Format

Send to

Choose Destination
Phys Ther. 2015 Nov;95(11):1559-68. doi: 10.2522/ptj.20140339. Epub 2015 May 28.

Pediatric Evaluation of Disability Inventory Computer Adaptive Test (PEDI-CAT) and Alberta Infant Motor Scale (AIMS): Validity and Responsiveness.

Author information

1
H.M. Dumas, PT, MS, Research Center for Children With Special Health Care Needs, Franciscan Hospital for Children, 30 Warren St, Boston, MA 02135 (USA). hdumas@fhfc.org.
2
M.A. Fragala-Pinkham, PT, DPT, MS, Research Center for Children With Special Health Care Needs, Physical Therapy Department, Franciscan Hospital for Children.
3
E.L. Rosen, PT, MPA/H, Physical Therapy Department, Franciscan Hospital for Children.
4
K.A. Lombard, PT, DPT, PCS, Physical Therapy Department, Franciscan Hospital for Children.
5
C. Farrell, PT, DPT, Physical Therapy Department, Franciscan Hospital for Children.

Abstract

BACKGROUND:

Although preliminary studies have established a good psychometric foundation for the Pediatric Evaluation of Disability Inventory Computer Adaptive Test (PEDI-CAT) for a broad population of youth with disabilities, additional validation is warranted for young children.

OBJECTIVE:

The study objective was to (1) examine concurrent validity, (2) evaluate the ability to identify motor delay, and (3) assess responsiveness of the PEDI-CAT Mobility domain and the Alberta Infant Motor Scale (AIMS).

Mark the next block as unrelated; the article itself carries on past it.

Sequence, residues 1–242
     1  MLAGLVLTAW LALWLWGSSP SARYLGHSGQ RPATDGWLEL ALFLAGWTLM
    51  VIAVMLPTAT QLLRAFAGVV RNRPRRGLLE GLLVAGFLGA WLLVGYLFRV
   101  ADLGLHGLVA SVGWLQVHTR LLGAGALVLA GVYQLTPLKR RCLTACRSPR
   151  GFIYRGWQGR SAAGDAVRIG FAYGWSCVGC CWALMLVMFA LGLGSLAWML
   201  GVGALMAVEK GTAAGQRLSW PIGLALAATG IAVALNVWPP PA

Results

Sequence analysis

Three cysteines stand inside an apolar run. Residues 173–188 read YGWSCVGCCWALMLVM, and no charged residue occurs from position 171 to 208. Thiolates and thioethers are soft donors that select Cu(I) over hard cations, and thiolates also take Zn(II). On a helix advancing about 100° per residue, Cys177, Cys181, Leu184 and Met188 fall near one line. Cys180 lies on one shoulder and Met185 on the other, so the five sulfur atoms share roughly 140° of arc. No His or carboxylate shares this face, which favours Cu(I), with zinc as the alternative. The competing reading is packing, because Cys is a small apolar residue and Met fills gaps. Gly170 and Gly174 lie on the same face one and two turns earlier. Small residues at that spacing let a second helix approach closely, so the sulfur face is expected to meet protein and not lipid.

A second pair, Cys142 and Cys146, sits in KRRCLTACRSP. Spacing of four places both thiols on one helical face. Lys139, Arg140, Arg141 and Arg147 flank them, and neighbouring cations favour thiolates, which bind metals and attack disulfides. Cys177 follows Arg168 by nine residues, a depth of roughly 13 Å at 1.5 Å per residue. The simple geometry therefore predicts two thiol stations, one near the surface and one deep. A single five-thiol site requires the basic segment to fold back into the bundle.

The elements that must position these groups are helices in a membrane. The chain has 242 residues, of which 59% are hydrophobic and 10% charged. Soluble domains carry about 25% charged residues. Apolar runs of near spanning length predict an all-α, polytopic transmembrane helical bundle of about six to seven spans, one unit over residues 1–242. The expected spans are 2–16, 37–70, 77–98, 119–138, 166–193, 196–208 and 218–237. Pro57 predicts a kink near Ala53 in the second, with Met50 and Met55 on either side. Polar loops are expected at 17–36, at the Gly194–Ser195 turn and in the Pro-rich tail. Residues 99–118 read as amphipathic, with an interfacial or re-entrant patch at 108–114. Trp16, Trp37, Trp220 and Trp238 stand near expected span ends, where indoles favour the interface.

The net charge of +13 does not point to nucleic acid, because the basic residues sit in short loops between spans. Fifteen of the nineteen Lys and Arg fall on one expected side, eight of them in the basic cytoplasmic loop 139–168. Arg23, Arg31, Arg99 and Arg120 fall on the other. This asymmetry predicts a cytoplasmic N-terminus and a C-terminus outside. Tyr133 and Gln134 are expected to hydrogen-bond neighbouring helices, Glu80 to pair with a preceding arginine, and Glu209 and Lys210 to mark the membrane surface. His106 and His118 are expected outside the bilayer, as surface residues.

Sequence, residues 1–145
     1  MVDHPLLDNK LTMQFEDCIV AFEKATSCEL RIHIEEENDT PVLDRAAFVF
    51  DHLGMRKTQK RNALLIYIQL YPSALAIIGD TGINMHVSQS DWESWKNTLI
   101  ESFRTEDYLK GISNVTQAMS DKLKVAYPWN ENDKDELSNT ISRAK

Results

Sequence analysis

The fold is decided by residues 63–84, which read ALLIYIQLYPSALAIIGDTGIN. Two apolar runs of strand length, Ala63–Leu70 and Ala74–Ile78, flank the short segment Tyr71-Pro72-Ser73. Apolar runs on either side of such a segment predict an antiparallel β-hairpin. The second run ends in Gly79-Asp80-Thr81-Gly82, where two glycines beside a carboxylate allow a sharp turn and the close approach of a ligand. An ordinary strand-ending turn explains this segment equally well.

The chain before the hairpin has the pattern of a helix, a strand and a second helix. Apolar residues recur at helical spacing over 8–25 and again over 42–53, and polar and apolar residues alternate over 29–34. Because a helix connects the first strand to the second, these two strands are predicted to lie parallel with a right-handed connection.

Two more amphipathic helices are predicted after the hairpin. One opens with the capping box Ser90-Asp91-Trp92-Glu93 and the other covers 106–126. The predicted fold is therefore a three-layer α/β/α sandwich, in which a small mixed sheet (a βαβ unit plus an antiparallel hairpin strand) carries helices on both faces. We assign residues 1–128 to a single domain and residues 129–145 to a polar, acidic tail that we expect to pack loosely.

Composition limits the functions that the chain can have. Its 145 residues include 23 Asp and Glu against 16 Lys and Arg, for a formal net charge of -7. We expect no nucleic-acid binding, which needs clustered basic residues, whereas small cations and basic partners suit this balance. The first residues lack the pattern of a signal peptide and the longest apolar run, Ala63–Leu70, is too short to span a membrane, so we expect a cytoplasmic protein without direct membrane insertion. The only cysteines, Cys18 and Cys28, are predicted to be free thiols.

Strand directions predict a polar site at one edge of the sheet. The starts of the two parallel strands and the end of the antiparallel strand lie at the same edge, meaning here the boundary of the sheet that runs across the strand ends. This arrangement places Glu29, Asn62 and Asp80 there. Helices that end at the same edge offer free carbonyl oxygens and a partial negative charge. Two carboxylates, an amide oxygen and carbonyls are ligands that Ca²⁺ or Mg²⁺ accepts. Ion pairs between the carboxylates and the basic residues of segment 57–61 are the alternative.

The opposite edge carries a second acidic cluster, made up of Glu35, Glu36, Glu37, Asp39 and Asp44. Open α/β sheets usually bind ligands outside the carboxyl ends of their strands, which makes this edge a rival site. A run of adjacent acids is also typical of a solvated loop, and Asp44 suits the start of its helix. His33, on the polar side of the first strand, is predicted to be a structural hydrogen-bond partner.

METHODS:

Fifty-three infants and young children (<18 months of age) admitted to a pediatric postacute care hospital and referred for a physical therapist examination were included. The PEDI-CAT Mobility domain and the AIMS were completed during the initial physical therapist examination, at 3-month intervals, and at discharge. A Spearman rank correlation coefficient was used to examine concurrent validity. A chi-square analysis of age percentile scores was used to examine the identification of motor delay. Mean score differences from initial assessment to final assessment were analyzed to evaluate responsiveness.

RESULTS:

A statistically significant, fair association (rs=.313) was found for the 2 assessments. There was no significant difference in motor delay identification between tests; however, the AIMS had a higher percentage of infants with scores at or below the fifth percentile. Participants showed significant changes from initial testing to final testing on the PEDI-CAT Mobility domain and the AIMS.

LIMITATIONS:

This study included only young patients (<18 months of age) in a pediatric postacute hospital; therefore, the generalizability is limited to this population.

CONCLUSIONS:

The PEDI-CAT Mobility domain is a valid measure for young children admitted to postacute care and is responsive to changes in motor skills. However, further item and standardization development is needed before the PEDI-CAT is used confidently to identify motor delay in children <18 months of age.

PMID:
26023220
DOI:
10.2522/ptj.20140339
[Indexed for MEDLINE]

Supplemental Content

Full text links

Icon for Silverchair Information Systems
Loading ...
Support Center